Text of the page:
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March Madness Costs Businesses Money

GWEN MORAN of recently stated….

“It’s March Madness and you know what that means: U.S. companies are poised to take a productivity smack-down. Chicago-based global outplacement firm Challenger, Gray & Christmas, Inc., estimates that March Madness will cost at least $134 million in “lost wages” over the first two days of the tournament, as an estimated 3 million employees spend one to three hours following the basketball games instead of working.”

Hmmm…$134 million. Thats a lot of money, even I it’s fragments here and there. Here at Limitless Technology ~ Cost Reduction Specialists, we’re not big on ever losing money or productivity.


Now there are some who look to use this as a positive time, and turn lemons into lemonade. John Mahoney, chief operating officer of staffing services firm Kavaliro, which has offices in Florida, North Carolina and Virginia, is one of those people. He advises companies to embrace March Madness as a morale-builder and a chance to have some fun. In his company’s headquarters, the conference room television has one of the games on it when the room isn’t in use. The employees engage in friendly ribbing over their favorite teams and a levity enters the workforce that one rarely sees in an office setting.



Here are four lessons he says companies can learn from March Madness.


1) Underdogs win. From the Murray State Racers to the Butler Bulldogs, every year, a Cinderella team upsets one of the legacy teams. When your company is up against a big competitor, this reminder can be inspirational and encourage your employees to bring their A-game, no matter what the odds.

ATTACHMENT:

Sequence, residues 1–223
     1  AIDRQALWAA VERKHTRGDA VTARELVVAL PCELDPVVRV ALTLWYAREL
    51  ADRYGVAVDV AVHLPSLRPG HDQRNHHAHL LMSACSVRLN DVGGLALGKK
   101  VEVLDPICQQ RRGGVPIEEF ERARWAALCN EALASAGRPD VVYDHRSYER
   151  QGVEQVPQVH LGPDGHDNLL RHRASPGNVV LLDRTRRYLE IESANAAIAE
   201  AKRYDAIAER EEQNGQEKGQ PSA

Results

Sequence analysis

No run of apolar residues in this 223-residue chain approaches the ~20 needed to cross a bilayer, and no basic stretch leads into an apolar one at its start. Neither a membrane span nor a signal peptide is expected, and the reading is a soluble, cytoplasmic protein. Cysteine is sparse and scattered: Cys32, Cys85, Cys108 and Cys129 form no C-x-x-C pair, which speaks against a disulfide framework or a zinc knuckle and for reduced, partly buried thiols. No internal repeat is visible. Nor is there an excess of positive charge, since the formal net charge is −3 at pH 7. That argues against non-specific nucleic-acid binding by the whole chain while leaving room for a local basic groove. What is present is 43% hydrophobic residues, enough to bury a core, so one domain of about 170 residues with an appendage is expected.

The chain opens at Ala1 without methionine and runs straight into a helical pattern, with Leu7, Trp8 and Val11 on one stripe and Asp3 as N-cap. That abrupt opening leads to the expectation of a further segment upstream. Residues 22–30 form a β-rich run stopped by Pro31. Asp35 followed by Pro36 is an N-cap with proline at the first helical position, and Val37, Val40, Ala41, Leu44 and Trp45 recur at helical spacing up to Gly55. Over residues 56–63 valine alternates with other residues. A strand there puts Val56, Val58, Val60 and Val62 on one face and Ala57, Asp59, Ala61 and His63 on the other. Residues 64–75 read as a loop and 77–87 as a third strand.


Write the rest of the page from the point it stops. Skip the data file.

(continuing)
2) Working together works. The big trophy goes to teams whose members work together. Backstabbing, infighting, blame — these are poisonous habits for companies just as they are for basketball teams, Mahoney says. The big wins happen when everyone works together for the good of the team (or the company).

3) Fun matters. Basketball is fun. It’s fun to watch the games. It’s fun to try to predict who is going to win. It’s fun to trash-talk with your co-workers. Enjoying the tournament together instead of fighting with employees about sneaking a peek at the games is going to build good will and make the office environment a much more pleasant place to be.

“When you let people enjoy the things they love instead of trying to control them, and you trust them to do the right thing, that pays off for the company,” he says.

4) Some moments really matter. The NCAA tournament is a chance for the teams who made it to leave behind their season records. It’s a blank slate where anyone can win title “National Champions.” Mahoney says the lesson for employees and companies is that they can shake off previous losses or setbacks and use every day to start again, making progress toward their goals.



And those pearls of wisdom just may apply to your business if not all businesses. However they might not be able to be done in the same ways as John’s company does it. And might be able to be done without the “loss” of business profits.



Here are some items to consider that may not disturb “business hours” of productive time:


1) Lunch times for recaps or viewing DVR highlights may “catch people up enough” so they can put their minds back to business.

2) Designated “temporary sports announcements” to remove the “angst” of not knowing what is happening.

3) Meet up after work hours to watch the games together, use that time as a teambuilding or training exercise.


It won’t work in every environment. Sometimes the line has to be drawn to preventive productivity losses or profits losses no matter what.

And like in March Madness, each Company knows what is best for them when it comes to what coaching or outside assistance they may need… to not lose!